TOPIC: How Can You Maintain Proper Safety Over The Long Term?
The Question: We all know that if you get injured while working out, it could crush your bodybuilding dreams, permanently. Even if you simply get a chronic injury that will not go away (like a rotator cuff injury), you could have pain for the rest of your life.
What can you do during your workouts to be sure you do not get injured? What can you do outside of the gym to help?
BONUS QUESTIONS: 1. Name a few of the injuries that either you or somebody you know has suffered. How did it affect you/them? How fast did you/they recover? How could it have been prevented?
The best response will get $50 in credit to use in our online store!
1st Place - hepennypacker52
Injuries, can't live with 'em, can't live without 'em. Or can you? Injury is one of the biggest (if not the biggest) concerns when lifting weights. Injuries can be short term, or long term. You can usually shake off short term injures within a week or two, and be good to go after that. Long term injuries however can keep you out of the Iron Game for a long time, and sometimes indefinately.
Many short term injuries can build up to a long term or chronic injury. So staying as far away from injuries as possible is the right coice, right? Right. So now let's talk about some general things you can do to prevent injuries from occuring.
How To Prevent During The Workout
So what things can you do to ensure that your workout today will be a plesant, injury free one?
Perform A General Warmup
You should never go into a workout cold. Do some light aerobics for 5-10 minutes to get the blood flowing. You should start to break a light sweat. Nothing intense though, you need to be ready for your workout.
Perform Warmup Sets
2 x 5 @ 45lbs (bar) ~warmup~
1 x 5 @ 95 ~warmup~
1 x 5 @ 115 ~warmup~
3 x 8 @ 135 - WORK
Notice that the warmup reps are kept low. You can use higher reps (12-15), but make sure for those to be your first warmup sets, and that they are very light. High rep warmup sets close to work set weight will fatigue you too much.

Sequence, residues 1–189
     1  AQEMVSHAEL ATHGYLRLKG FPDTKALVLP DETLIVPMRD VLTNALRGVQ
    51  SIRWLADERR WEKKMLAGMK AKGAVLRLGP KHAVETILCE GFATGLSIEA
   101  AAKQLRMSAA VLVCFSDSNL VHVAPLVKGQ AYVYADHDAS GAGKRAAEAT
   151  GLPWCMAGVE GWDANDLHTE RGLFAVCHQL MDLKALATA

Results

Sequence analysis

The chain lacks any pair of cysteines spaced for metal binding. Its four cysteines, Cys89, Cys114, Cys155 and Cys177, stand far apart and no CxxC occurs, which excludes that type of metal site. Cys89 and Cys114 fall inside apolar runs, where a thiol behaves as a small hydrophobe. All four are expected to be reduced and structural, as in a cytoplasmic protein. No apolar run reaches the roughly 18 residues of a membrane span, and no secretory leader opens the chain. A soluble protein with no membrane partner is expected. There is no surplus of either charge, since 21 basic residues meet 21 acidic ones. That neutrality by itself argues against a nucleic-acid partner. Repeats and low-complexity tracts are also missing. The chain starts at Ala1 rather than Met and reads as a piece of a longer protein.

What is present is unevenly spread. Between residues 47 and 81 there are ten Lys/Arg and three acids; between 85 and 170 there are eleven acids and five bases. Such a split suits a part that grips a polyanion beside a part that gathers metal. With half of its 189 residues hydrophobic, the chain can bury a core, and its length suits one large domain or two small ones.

Now if this is chest day, and you do 3 chest movements, you don't have to warmup for all three of them. If there is 1 exercise that isolates a spot, you should take maybe 1 set to warmup that movement. I personally take 3-5 sets to initially warmup, then for each other movement, I'll warmup with 1 set.
Drink Up - Stay Hydrated
It is extremely, extremely, extremely important to stay hydrated during your workouts. This is a no brainer. Dehydration can yield very serious consequences, including death. Just keep drinking
water througout your entire workout, and you'll be fine.
DO NOT Lift When You're Extremely Tired
Working out when you're tired can very easily lead to poor form, which could lead to a big injury. You may also lose control of the bar, which could have very bad consequences.
Maintain Proper Form
First off, before you ever include any movement into your schedule, practice it with just the bar for a few days before you add weight. Learn how to correctly perform the movement, and keep doing it over and over again with the bar. Starting with poor form is a very bad choice.
One of the biggest reasons people tend to demonstrate poor form is because they are trying to use too much weight. Only use a weight in which you can maintain near perfect form for the entire set.
DO NOT let your shoulders slump forward and round your back during any back movement (ie squat, deadlift, good morning). This could lead to serious lower back injury. To help stabilize the back, perform abdominal/oblique exercises with resistance. I do not recommend using a belt all of the time, it will limit stabilizer growth, which could lead to a lower back injury when you're not wearing it.
DO NOT arch your lower back when bench pressing. This is another big killer. People tend to do this when they're using too much weight.
Have A Way Out
One way to do this is to have a
training partner. If you get stuck on any movement, they can lift the bar off, or help you finish the rep. Being stuck alone when you fail on bench press or squats is NOT a good thing.
Another way to do this is to invest in a power rack. This way, if you can't complete the rep, you'll just be able to lower the weight onto the pins.
You should also cool down after a workout. This takes heart rate slowly back to normal levels, and starts to relax the muscles. You shouldn't go from high octane working out to sitting on the couch.
How To Prevent Outside Of Workouts
One of the best things you can do for yourself is just read, read, read. Read about proper technique, read about physiology, read about stretching, read about injury prevention. Reading will do so much in helping to further your understanding of staying injury free.
Bodybuilding.com is a good source of articles, and you can find many more by simply searching.
Person A does his sets and gets a nice stretch in his hamstrings. Person B loads up the weight, starts his rep, and tries to go down as far as Person A. He's not flexible enough, and once he starts going down further, the weight pulls him down. This leads to a torn hamstring, ouch.
Stretch only after you're warmed up. Stretching when cold can also tear a muscle.